From: John Bambenek (no email)
Date: Thu Nov 13 2008 - 07:30:39 EST
Something to keep in mind. I don't believe it was McColo that was the
end provider of "badware" per se (and I could be proven wrong), they
simply played the enabling role by hosting it and looked the other way.
Now don't get me wrong, they ought to be kicked offline for
externalizing their costs on the rest of us, but what criminal charges
could be filed here? I'm not a lawyer but the person actually
committing the crime and a person who willing provides tools to someone
committing a crime are in completely different boats.
We could criminalize hosting malicious tools, but then what of nessus,
nmap, wireshark and the host of security tools that are effectively
"dual use"? Child porn being an obvious exception of course, but the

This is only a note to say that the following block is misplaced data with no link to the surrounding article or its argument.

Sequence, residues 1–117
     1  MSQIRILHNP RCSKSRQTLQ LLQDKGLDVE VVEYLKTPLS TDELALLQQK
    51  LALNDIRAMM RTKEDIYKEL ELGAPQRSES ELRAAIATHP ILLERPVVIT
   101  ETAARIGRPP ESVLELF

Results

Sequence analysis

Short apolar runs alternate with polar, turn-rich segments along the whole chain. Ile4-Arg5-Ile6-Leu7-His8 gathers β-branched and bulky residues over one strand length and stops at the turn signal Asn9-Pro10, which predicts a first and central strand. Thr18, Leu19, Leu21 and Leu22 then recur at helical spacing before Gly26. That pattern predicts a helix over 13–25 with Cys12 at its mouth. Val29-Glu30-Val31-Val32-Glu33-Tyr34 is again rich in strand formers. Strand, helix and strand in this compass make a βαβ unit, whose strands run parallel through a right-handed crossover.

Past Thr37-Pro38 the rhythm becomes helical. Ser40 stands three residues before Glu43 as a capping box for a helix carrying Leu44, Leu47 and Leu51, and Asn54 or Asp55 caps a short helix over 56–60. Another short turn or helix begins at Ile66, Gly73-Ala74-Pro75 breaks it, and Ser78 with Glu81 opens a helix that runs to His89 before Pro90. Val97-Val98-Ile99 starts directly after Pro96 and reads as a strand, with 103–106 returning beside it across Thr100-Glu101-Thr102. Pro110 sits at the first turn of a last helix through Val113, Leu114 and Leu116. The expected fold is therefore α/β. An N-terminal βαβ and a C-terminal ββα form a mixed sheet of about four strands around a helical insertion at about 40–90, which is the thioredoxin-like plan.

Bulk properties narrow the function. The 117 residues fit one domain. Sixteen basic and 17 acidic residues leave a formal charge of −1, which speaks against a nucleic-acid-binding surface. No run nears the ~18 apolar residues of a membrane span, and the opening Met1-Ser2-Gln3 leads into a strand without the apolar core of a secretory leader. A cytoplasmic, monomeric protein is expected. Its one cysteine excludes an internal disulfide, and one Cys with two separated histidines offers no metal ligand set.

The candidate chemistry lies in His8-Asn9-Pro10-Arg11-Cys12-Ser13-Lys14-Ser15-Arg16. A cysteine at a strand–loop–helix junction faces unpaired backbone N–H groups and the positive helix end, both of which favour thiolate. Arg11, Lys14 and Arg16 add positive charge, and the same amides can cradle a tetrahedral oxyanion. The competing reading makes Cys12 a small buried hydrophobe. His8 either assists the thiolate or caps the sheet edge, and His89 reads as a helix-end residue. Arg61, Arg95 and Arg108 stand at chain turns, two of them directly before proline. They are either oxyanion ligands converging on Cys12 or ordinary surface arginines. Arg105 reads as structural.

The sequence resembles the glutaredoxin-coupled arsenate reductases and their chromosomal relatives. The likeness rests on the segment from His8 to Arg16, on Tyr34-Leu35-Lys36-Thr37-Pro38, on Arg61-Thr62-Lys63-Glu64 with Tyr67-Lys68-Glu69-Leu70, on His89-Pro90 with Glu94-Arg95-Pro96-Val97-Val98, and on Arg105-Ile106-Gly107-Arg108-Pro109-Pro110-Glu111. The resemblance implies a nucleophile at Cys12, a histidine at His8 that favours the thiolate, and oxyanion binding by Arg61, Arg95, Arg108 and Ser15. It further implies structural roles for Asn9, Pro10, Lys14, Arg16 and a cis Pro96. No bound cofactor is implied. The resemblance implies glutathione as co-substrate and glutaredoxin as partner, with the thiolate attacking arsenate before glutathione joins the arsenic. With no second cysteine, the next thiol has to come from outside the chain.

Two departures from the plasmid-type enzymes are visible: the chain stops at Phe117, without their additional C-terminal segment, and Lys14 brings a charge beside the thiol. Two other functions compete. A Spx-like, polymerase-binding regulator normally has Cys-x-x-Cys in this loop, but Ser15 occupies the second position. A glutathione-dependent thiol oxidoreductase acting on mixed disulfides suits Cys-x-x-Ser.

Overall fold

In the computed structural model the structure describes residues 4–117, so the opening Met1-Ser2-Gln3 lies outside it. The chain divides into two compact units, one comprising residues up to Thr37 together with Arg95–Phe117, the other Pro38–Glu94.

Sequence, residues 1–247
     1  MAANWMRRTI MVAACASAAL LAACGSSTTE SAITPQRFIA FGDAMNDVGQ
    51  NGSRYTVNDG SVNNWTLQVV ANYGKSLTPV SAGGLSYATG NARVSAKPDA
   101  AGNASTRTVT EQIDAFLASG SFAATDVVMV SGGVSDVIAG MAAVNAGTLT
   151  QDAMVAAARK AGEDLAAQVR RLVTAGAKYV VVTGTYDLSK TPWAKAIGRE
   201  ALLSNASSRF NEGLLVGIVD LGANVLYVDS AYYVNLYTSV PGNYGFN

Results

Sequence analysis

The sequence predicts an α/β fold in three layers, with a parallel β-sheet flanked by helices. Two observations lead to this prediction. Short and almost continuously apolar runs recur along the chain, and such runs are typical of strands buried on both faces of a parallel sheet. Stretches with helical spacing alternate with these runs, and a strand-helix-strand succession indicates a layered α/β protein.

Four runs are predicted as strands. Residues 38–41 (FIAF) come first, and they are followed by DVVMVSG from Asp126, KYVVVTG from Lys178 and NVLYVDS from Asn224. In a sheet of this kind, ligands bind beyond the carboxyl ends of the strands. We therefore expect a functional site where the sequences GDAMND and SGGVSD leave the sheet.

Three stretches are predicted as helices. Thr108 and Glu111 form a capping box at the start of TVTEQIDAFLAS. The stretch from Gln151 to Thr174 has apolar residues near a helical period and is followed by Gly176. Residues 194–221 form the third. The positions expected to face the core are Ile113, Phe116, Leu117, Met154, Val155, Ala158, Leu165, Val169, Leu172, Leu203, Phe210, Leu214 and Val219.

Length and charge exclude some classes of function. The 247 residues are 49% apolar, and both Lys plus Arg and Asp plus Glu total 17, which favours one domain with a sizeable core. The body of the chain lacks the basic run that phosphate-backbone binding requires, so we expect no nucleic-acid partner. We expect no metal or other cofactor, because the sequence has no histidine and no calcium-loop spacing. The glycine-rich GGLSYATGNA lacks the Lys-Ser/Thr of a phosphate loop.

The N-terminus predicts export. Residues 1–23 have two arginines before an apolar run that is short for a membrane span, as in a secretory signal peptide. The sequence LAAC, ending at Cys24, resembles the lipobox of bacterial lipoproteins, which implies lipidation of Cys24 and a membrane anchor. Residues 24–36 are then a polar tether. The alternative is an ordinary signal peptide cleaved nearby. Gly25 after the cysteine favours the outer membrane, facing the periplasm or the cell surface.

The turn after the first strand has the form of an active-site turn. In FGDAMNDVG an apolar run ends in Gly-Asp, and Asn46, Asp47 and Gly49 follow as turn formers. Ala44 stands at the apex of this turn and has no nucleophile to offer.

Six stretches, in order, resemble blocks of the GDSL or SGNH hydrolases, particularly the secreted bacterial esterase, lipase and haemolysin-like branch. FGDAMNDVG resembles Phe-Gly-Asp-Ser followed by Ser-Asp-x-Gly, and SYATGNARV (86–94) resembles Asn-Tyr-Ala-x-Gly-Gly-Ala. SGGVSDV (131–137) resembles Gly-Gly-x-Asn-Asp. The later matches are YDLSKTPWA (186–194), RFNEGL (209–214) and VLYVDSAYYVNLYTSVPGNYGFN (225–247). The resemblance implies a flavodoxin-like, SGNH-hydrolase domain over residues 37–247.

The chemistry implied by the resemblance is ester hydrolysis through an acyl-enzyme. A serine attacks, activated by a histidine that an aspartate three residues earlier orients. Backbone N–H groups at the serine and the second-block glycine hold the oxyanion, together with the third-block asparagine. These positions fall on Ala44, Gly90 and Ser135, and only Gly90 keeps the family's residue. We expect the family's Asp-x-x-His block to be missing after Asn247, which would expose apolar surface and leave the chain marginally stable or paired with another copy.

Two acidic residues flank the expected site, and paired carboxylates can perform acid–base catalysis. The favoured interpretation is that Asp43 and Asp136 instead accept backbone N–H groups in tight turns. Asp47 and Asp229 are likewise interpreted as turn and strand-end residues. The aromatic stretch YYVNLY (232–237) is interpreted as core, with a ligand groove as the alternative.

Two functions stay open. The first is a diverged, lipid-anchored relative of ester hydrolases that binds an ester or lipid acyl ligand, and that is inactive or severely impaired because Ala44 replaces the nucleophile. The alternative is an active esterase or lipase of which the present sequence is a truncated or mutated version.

point remains. Negligence is bad and perhaps there are criminal
remedies that can be brought to bear (I'm not a lawyer, I don't play one
on the intarwebs) but I would imagine they would be minor in comparison.
That said, of course this information should be turned over to law
enforcement. It often is.
Charles Wyble wrote:
>> On to the question about how network operators can help LE: *Collect
>> the data that proves a company such as Intercage/McColo is harboring
>> cybercriminals* and get with your local FBI/Secret Service field
>> office (or your state's Attorney General's office) (or both) and
>> submit a complaint at IC3's website (www.ic3.gov) because we have an
>> excellent team of analysts that track information like that. Package
>> up the evidence you have and send it out.
> Excellent point. Something like the fine folks at
> http://hostexploit.com/ are doing.
> I also believe SANS has some excellent courses on forensics, and
> things like chain of custody etc. Not sure how much that applies to
> these sort of scenarios but it can't hurt to package/handle the
> evidence in as compliant a manner as possible.